The dairy industry was identified by FAO in 2006 as the agricultural production activity causing the world’s most pressing environmental problems, attributing to it the major cause of global warming and air pollution. In recent decades the dairy industry has made significant progress in the use of resources, animal nutrition and the management of dairy farms in order to contribute to the solution of these problems.
Agricultural activities have a significant environmental impact around the world, however, ignorance of the effects on livestock production can be attributed to confusing the consumer. From more recent data Capper et al. (2020) conducted an analysis of dairy cattle production and its environmental impact in the US. The authors used data based on production parameters obtained from the “Dairy Records Management Systems” between 2007 and 2017 (average number of cows: 1.96 and 2.19 million cows, respectively).
How to assess the environmental impact
To assess the environmental impact, the researchers used a deterministic model based on the productive parameters of dairy cattle populations. In addition, they used forage crops yields destined to livestock feeding, as well as the fertilizers and pesticides applied to the crops. The results of this analysis yielded the following results:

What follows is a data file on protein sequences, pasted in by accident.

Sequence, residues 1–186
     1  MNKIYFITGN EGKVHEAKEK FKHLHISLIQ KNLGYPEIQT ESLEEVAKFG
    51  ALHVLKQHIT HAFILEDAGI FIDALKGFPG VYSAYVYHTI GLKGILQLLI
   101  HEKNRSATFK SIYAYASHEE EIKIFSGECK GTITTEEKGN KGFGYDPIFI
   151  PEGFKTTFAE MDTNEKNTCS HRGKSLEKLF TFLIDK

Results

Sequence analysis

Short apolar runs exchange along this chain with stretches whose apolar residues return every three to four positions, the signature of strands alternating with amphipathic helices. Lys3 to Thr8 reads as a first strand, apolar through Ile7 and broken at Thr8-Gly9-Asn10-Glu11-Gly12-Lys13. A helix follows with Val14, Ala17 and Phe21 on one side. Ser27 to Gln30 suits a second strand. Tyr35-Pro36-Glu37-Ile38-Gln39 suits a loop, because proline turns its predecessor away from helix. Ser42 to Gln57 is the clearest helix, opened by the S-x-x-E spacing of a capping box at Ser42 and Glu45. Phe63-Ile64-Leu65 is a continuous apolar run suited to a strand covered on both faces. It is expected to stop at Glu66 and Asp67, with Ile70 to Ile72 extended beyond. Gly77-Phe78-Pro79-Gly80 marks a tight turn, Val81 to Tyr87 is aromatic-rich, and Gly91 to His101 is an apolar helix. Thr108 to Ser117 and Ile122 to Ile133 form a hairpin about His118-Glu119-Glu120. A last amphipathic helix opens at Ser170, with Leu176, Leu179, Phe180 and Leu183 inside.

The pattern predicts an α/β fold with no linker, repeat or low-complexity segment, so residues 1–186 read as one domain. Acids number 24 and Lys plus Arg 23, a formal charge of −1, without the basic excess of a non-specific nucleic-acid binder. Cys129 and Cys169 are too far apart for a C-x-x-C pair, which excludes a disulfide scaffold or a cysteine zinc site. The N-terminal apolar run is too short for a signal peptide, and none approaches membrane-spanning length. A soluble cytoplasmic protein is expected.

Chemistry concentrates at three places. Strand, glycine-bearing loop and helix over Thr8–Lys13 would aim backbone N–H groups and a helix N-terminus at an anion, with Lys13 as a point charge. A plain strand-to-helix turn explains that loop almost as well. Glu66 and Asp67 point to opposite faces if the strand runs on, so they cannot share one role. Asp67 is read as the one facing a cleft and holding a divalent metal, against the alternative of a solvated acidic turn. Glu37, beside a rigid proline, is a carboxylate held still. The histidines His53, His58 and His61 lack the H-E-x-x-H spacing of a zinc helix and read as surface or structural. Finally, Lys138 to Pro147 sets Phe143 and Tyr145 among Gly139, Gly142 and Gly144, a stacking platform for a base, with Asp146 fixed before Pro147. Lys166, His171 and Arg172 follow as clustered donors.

- The number of cows and animal yield factors increased during that decade. The number of cows increased by 10.5% and as a result milk, fat and milk protein production increased by 14%, 12% and 10%, respectively, resulting in an 18.3% increase in energy-corrected milk production. The environmental effects were mitigated, observing a 25% reduction in greenhouse gases (GHGs).
- While dairy cow numbers increased during that decade, the increased production was mainly due to greater productive efficiency in both feed and milk production. In addition, water usage in dairy production between 2007 and 2017 was reduced by 23%. The analysis showed that crops had less of an environmental impact (only 1% GHG) compared to the gains in dairy livestock productivity over those 10 years.
In conclusion, if the current US industry would produce the same amount of milk and yield like in 2007, the environmental impact would be greater than expected. However, modern dairy farmers can be more efficient at feeding more balanced diets than their predecessors, due to a significantly greater understanding of livestock metabolism and nutrition today. Technological, nutritional and management advances in the dairy industry have shown they minimize the environmental impact and increase milk production.
Capper, J.L., Cady, R.A. 2020. The effects of improved performance in the US dairy cattle industry on environmental impacts between 2007 and 2017. Journal of Animal Science. 98: 1–14.
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